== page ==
Ryan Chartrand

The American president knows he (or she) has a monumental duty to protect the country, but sometimes forgets about another responsibility: to protect the values of our Constitution.

As far as I’m concerned, Bill Clinton fell asleep at the wheel by allowing the passage of the Defense of Marriage Act (DoMA) and the Don’t Ask, Don’t Tell policy to effectively set the gay rights movement – a civil rights movement – back decades.

The main effect of DoMA is to ensure that no state is obligated to recognize a same-sex marriage, even if it may be recognized in another state. Given the controversial nature of this social debate, it may come off as a pragmatic compromise, but underneath its false veneer is an act that not only legitimizes unconstitutional behavior but also facilitates it.

The United States Constitution clearly states, “Full Faith and Credit shall be given in each State to the public Acts, Records, and judicial Proceedings of every other State.” This means that while states do not have to change their own policies to match another’s, they must recognize the merit of another state’s decision.

Therefore, if two people of the same sex fell in love and decided to get legally married in California, and then moved to a state that denied their legal status and thus denied them the benefits of being married (spousal and survivor Social Security benefits, lower insurance rates, inheritance, etc.), they could rightfully sue the state for violating the Full Faith and Credit clause of the Constitution. Since the unequivocal striking-down of any sodomy laws in the United States, all we can deduce is that on a federal level – a level that has always and must always be free of “moral” dictation by a certain religion – that gay Americans are a perfectly normal, law-abiding set of citizens being denied rights that other American citizens possess.

They should sue, and they should win.

But this is where DoMA rears its ugly head. The Republican Congress of 1996 decided that it had the authority to pass a law that supersedes part of the Constitution.

“But Jake,” you might say, “don’t you need to pass a constitutional amendment before you alter the effect of one of its clauses?” Yeah, I thought so too . turns out the only way DoMA can be taken down is federally, through the Supreme Court. And, to be honest, I don’t know if this Supreme Court (with the “best buddies” bloc of Thomas, Scalia, Roberts and Alito, and of which seven of nine justices were nominated by Republican presidents) would side with the Constitution or with conservatives.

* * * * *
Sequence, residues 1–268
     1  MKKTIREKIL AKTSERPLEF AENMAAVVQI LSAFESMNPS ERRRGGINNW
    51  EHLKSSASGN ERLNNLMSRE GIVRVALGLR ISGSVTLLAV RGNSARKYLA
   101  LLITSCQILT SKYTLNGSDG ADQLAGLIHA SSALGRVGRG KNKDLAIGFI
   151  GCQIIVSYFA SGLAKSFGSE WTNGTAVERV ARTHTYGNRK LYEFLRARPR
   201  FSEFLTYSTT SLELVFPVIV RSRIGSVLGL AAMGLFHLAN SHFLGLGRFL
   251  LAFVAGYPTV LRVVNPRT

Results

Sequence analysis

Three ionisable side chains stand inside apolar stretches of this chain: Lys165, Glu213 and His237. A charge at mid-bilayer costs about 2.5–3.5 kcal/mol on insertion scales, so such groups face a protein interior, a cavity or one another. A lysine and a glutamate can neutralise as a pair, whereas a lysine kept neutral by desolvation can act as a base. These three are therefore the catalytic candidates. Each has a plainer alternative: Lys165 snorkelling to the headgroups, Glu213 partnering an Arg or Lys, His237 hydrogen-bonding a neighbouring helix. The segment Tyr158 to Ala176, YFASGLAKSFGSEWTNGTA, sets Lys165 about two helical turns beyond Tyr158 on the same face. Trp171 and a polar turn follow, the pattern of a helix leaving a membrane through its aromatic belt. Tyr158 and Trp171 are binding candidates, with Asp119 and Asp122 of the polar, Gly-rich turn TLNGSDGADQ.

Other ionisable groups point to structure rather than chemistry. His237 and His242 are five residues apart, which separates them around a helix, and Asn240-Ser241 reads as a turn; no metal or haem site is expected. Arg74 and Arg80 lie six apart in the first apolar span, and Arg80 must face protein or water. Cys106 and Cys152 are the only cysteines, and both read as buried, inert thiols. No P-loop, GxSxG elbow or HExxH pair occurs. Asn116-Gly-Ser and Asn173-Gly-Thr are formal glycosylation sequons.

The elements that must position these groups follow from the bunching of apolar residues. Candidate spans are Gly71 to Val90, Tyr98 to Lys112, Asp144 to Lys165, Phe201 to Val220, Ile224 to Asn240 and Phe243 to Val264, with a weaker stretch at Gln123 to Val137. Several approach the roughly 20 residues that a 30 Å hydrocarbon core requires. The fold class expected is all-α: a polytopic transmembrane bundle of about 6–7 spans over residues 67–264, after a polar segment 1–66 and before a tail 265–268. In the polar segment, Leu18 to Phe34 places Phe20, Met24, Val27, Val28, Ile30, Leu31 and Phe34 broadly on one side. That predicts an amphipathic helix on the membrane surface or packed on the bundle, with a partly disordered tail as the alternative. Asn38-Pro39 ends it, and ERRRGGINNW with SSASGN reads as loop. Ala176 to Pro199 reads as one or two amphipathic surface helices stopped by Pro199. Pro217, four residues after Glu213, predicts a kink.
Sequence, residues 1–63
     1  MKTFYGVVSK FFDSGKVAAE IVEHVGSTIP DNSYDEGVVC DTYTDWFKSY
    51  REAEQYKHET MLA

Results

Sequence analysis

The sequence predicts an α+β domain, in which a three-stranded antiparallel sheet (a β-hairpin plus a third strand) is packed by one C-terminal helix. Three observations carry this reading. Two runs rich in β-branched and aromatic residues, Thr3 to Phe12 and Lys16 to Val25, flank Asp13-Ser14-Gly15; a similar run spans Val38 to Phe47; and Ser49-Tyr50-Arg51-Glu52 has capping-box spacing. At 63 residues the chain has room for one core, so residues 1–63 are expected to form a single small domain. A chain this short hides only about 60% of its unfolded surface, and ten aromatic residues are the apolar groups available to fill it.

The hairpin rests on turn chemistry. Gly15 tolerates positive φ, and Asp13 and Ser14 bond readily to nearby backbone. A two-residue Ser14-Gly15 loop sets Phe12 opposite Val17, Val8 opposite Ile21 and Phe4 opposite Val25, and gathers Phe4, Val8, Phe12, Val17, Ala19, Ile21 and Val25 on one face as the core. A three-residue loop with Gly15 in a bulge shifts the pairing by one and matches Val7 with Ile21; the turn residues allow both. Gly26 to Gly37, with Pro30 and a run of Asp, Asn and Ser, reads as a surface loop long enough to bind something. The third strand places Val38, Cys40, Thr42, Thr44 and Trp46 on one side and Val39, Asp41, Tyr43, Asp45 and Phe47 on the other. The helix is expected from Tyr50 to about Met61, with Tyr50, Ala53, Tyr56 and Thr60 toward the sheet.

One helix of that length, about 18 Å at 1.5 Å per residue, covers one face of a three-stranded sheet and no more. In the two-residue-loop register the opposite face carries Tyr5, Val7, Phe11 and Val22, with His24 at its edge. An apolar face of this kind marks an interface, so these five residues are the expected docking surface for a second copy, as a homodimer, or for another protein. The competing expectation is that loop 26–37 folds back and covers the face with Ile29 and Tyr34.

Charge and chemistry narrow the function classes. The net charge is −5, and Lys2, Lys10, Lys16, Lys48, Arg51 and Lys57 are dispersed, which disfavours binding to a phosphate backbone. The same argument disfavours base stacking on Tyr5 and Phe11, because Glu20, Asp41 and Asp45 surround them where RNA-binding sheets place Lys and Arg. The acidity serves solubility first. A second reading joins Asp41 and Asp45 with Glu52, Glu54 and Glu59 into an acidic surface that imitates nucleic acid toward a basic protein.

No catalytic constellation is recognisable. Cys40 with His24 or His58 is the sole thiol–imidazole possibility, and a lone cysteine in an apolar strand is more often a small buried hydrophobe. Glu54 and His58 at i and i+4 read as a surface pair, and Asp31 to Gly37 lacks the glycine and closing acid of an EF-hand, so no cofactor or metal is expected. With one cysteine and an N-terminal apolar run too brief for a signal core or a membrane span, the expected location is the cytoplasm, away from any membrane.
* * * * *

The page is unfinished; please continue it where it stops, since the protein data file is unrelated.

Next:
The Don’t Ask, Don’t Tell policy is rife with different issues and concerns, but is still fundamentally un-American because it promotes an offensive brand of inequality. First of all, I do not believe anyone in their right mind can legitimately question another’s love for their country simply because they happen to have been born gay. Bullets are blind, and so are the virtues of duty, honor and courage. They do not see straight or gay, they see commitment. So the question “Why shouldn’t gay U.S. citizens be able to serve in the U.S. military?” might be better framed, “Why shouldn’t U.S. citizens be able to serve in the U.S. military?” Perhaps the most relevant concern is whether allowing open gays to serve in the military will threaten unit cohesion. For this issue, we can look to other places in the world that allow openly gay soldiers. In Britain, for example, openly gay Britons have been welcomed in the military since 2000, and since then, relatively none of the predicted discord, bullying or loss of effectiveness has occurred.

On a larger scale, the prospect of expanding gay rights (allowing same-sex marriage and openly gay soldiers) is difficult for many Americans to swallow. The truth is there is no valid argument against gay marriage that is not simply a more socially acceptable form of bigotry or religion-based persecution, when in reality, not even everyone within a particular religion believes in the denial of governmental equality for same-sex partners.

Much like the president, it is the duty of this nation’s judiciary to protect the rights of law-abiding minorities (just like it did for black citizens), even if their lifestyle is unpopular to the majority. With a crucial victory in California, it’s important to not let up.

To any of my friends who happen to be gay: accept nothing less than equal rights. I know straight people have not always been the best allies in the fight for your equality, but as we learn about the injustice and unconstitutionality of the denial of your rights, more and more of us are willing to help . keep fighting, we’ll have your back.

Jake McGowan is a political science sophomore and a liberal columnist for the Mustang Daily.

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